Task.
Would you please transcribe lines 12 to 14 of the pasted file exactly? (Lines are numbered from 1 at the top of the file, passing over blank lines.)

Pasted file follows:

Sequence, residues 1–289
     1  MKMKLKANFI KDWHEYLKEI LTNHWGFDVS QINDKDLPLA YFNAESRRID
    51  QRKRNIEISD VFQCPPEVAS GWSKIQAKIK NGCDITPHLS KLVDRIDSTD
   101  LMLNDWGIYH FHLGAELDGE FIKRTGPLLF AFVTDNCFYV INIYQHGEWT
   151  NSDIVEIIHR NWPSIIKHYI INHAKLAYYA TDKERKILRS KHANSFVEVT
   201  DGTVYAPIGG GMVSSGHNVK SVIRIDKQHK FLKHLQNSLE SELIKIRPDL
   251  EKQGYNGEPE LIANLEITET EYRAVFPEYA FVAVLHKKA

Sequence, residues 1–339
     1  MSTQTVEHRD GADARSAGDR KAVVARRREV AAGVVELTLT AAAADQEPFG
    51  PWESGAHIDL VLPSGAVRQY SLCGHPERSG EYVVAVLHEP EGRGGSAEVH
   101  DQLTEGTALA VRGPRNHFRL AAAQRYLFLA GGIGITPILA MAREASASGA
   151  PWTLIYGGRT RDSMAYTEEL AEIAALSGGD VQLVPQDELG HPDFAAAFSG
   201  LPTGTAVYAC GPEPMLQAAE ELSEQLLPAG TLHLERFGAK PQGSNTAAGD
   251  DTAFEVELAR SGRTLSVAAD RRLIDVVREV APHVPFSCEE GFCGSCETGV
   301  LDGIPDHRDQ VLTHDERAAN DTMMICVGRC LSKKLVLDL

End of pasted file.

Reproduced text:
   151  PWTLIYGGRT RDSMAYTEEL AEIAALSGGD VQLVPQDELG HPDFAAAFSG
   201  LPTGTAVYAC GPEPMLQAAE ELSEQLLPAG TLHLERFGAK PQGSNTAAGD
   251  DTAFEVELAR SGRTLSVAAD RRLIDVVREV APHVPFSCEE GFCGSCETGV